Why I'm still gun shy of entrepreneurship

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Do I want to work for someone else? Or do I want to work for myself? It’s a question I’ve asked myself many times in my life.

Working for someone else is often safer and more profitable. The downside is that you have to work on projects other people deem interesting. Those projects don’t always align with what YOU want to do or what YOU are excited by. The upside is a steady paycheck, defined boundaries (hello vacation days!), and the stability of knowing that Everything Is Going to Be All Right (until layoffs, ha!). Also, there are 401k contributions and retirement benefits for the amassing.

On the downside, you’re not able to pick your own path. And while we all hope we’ll be the next Steve Jobs or Walt Disney, history clearly shows that only a fraction of the tiniest percent of entrepreneurs make that cut, and even then, it’s often only when the right person recognizes the right potential at the right time, and it has less to do with strength of character or hours worked (if it were down to that, we’d all be millionaires). No, you cannot squeeze blood from a stone. A bad or late idea will not yield extra profits, no matter how hard you try.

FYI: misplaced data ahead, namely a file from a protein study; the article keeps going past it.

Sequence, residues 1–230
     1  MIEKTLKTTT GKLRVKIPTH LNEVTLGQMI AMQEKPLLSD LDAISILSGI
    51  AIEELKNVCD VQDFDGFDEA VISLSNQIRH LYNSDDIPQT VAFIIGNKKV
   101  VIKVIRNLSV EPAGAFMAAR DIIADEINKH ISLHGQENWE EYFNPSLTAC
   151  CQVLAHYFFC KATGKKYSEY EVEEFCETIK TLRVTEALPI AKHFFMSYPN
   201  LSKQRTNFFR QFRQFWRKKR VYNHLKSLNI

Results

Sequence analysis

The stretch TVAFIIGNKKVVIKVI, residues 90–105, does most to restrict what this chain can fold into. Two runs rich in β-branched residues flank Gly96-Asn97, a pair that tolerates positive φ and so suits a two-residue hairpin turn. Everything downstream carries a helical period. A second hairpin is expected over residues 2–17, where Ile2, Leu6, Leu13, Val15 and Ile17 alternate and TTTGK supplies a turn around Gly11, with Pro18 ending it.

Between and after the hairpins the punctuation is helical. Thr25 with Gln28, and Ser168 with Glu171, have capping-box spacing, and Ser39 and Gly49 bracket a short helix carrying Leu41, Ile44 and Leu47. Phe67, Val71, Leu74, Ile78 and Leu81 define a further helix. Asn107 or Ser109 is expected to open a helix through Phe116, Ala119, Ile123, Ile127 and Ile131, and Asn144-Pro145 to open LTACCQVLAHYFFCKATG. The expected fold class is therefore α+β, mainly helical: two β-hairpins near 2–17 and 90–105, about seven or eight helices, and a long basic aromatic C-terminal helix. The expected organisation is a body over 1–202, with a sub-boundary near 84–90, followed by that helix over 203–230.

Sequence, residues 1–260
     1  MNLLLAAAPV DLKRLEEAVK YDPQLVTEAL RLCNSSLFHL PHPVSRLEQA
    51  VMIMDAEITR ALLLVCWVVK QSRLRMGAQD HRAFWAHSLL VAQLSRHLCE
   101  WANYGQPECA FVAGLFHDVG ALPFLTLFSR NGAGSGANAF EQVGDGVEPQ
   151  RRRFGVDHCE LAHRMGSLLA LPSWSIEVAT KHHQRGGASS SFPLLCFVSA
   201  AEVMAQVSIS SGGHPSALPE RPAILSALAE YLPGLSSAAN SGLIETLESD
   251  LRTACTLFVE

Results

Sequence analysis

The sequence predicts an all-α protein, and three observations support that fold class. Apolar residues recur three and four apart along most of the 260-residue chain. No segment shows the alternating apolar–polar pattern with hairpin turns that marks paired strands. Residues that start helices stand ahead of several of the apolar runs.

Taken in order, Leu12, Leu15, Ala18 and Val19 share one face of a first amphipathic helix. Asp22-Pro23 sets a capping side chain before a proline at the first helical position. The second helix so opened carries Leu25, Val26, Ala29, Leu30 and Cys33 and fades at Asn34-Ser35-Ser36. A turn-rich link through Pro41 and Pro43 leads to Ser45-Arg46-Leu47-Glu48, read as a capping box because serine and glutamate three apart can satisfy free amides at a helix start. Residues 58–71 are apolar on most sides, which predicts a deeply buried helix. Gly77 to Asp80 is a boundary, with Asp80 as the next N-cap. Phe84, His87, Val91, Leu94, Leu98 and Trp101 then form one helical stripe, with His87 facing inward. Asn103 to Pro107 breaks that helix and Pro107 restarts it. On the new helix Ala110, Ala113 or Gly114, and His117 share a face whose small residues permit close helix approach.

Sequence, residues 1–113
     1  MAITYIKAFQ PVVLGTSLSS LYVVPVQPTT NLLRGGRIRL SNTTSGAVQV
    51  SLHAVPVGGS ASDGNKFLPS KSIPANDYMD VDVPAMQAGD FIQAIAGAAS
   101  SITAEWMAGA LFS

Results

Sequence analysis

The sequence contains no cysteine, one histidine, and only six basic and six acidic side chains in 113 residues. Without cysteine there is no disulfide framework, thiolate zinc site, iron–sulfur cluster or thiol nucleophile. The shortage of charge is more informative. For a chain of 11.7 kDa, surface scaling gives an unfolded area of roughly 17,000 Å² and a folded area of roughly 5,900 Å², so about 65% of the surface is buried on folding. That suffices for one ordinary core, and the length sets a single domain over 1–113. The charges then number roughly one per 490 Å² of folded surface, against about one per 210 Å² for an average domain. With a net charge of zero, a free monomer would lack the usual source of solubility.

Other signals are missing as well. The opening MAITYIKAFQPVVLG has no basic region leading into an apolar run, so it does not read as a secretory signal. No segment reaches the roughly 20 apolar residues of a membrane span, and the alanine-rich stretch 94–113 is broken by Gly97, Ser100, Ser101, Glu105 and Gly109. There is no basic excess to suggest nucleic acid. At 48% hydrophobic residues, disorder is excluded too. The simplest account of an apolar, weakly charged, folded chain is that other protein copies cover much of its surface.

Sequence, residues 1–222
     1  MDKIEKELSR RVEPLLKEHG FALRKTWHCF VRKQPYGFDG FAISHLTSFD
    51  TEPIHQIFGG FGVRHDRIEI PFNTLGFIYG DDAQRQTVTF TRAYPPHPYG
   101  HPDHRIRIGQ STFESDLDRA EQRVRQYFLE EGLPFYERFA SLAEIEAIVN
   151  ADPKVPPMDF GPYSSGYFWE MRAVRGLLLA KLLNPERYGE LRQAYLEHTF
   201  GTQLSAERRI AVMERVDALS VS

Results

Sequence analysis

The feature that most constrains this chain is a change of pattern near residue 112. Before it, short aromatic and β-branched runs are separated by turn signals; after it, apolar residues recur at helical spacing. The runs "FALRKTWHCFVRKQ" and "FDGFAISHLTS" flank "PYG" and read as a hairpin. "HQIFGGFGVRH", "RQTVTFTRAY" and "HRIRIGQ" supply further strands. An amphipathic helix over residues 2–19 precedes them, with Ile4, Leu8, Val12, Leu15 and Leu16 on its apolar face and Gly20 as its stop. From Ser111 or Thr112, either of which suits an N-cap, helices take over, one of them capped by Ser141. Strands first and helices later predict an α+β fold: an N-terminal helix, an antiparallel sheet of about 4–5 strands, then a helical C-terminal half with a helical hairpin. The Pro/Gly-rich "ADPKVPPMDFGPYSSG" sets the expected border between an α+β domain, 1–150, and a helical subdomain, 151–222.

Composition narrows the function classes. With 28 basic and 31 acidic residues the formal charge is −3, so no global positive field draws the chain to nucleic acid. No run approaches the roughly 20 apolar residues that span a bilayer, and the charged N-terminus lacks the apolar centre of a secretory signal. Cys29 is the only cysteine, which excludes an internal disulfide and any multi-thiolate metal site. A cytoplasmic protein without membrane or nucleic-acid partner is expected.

Why so pessimistic? I already failed my own startup, a small publishing company making comics for girls, by girls, which I started as a teenager and abandoned at age 23. I needed jaw surgery, and I wasn’t making enough nor did I have health insurance. I shut down the whole comics dream and never went back. The money in web development is so good, and the people here take such good care of you. It’s hard to think about ever running my own company. Who would look after me?

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